Talk:Fast user switching
|WikiProject Computing / Software||(Rated Start-class)|
|WikiProject Apple Inc.||(Rated Start-class)|
I couldn't verify that FreeBSD didn't introduce this feature (through virtual consoles) before Linux, though that is the way that I remember it. I remember that we used multiple graphical consoles on the (linux based) PC in our flat in approx 1993/4 time period. Mozzerati 16:35, 2004 Sep 12 (UTC)
Lies, damn lies, and ignorance
According to the man page, the su command has been around since Version 1 Unix, which—according to the Unix article—was released in 1971. There may have been similar commands for CTSS (1961) and Multics (mid-1960s). This well predates Linux (early 1990s). These commands were not graphical, of course—you switched from a command-line shell owned by the login user to a command-line shell owned by another user. But it did switch users (in the same way modern systems do it) and it was fast. This should be mentioned in the article—just because you've only been able to do it for a few years doesn't mean Unix geeks haven't been doing it for 35.—Kbolino 06:44, 31 January 2006 (UTC)
I might remove the part which says
- For installations with older environments, the functionality must be enabled in the configuration file of the X display manager (for example GDM) then a hot key sequence such as CTRL-ALT-F8 is pressed. A separate login window will now appear and the second user can login (or even the first user again). Alternatively, in the default install, new X sessions can be started at will by using different display parameters to have them run in different virtual terminals (e.g. "startx -- :1" or "X :1 -query localhost"). Again, hot key sequences allow the user switching to take place.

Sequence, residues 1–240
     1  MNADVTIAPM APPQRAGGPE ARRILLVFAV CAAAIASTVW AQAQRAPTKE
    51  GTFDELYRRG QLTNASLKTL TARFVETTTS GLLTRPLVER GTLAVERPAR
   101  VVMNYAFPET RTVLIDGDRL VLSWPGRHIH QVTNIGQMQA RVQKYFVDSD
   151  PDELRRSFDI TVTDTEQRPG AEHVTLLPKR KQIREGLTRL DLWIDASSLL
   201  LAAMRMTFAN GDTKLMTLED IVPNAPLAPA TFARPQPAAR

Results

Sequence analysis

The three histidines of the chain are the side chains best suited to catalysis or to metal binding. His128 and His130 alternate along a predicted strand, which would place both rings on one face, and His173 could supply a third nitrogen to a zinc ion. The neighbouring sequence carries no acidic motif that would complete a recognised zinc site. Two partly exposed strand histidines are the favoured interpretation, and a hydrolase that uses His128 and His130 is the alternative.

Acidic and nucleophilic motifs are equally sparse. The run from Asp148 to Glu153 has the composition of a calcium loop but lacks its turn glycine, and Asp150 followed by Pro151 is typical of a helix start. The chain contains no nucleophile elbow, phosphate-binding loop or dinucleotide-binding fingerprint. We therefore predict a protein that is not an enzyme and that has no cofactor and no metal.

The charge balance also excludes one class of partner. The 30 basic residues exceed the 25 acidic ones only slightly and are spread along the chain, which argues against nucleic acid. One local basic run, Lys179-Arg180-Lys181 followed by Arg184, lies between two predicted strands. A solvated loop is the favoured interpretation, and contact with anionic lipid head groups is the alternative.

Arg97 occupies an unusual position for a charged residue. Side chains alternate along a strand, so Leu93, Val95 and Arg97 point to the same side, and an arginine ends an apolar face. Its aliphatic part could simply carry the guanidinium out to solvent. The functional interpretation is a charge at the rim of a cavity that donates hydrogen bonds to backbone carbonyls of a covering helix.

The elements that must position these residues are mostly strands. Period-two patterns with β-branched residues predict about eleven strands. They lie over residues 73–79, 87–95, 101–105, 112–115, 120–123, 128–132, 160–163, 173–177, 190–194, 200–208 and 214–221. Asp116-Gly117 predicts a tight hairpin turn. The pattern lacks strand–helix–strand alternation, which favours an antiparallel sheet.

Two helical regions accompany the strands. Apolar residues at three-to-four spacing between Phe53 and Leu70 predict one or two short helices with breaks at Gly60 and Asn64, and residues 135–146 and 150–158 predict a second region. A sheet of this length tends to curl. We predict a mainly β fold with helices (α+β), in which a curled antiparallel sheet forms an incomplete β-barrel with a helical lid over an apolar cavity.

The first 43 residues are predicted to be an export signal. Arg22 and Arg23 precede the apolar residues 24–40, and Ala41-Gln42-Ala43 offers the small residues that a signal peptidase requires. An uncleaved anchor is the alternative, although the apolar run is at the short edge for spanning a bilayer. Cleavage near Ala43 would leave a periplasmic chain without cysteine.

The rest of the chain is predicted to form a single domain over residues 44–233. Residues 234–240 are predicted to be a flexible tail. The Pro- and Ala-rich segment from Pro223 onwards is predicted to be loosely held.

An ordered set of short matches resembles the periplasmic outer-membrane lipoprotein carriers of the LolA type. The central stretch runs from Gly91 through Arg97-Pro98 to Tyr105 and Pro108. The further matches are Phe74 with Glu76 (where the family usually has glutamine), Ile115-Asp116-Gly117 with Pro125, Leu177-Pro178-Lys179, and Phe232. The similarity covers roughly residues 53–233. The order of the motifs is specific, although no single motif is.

since it reads like a howto, not a description. Thoughts? Marnanel 15:51, 9 November 2006 (UTC)
- That sounds good. It does seem out of place, although I think it may be better to add explanations for Mac OSX and Windows, just because the article is still border-line stub length. Stale Fries 00:41, 18 November 2006 (UTC)
This page is mixing up "user switching" with "Fast User Switching" (with caps). The former has been around for ages in different forms, including Linux virtual consoles and [screen]. On the other hand "Fast User Switching" as described in body of the article seems to be specifically related to fully graphical desktop environments such as MS Windows and GNOME. Either the scope in the first paragraph needs to be narrowed to relate only to modern graphical desktop environments, or the rest of the article needs to be vastly expanded.
It might also be worth recognising "Fast User Switching" as an ongoing effort by linux distros to catch up with the OS X user experience.
I agree that there is an issue with the scope of this article which could be restricted to (main) graphical user interface switching. Non-GUI user switching is possible in several Windows systems as well as *nix systems by running a program as another user (in windows you can do this using 'Run As' from the context menu of a shortcut (when you click it while holding Shift), in *nix you would launch a program as another user using 'su' while keeping/setting the DISPLAY variable to the current display (and allowing that other user to access the X-Display)). — Preceding unsigned comment added by 126.96.36.199 (talk) 08:25, 5 July 2012 (UTC)
According to the article, fast user switching is unavailable if the computer is on a "domain network." What does that mean?Unfree (talk) 10:26, 11 February 2008 (UTC) => This means that if the computer is part of a domain (registered to a Windows Domain), then some Windows OS's do not allow "Fast User Switching".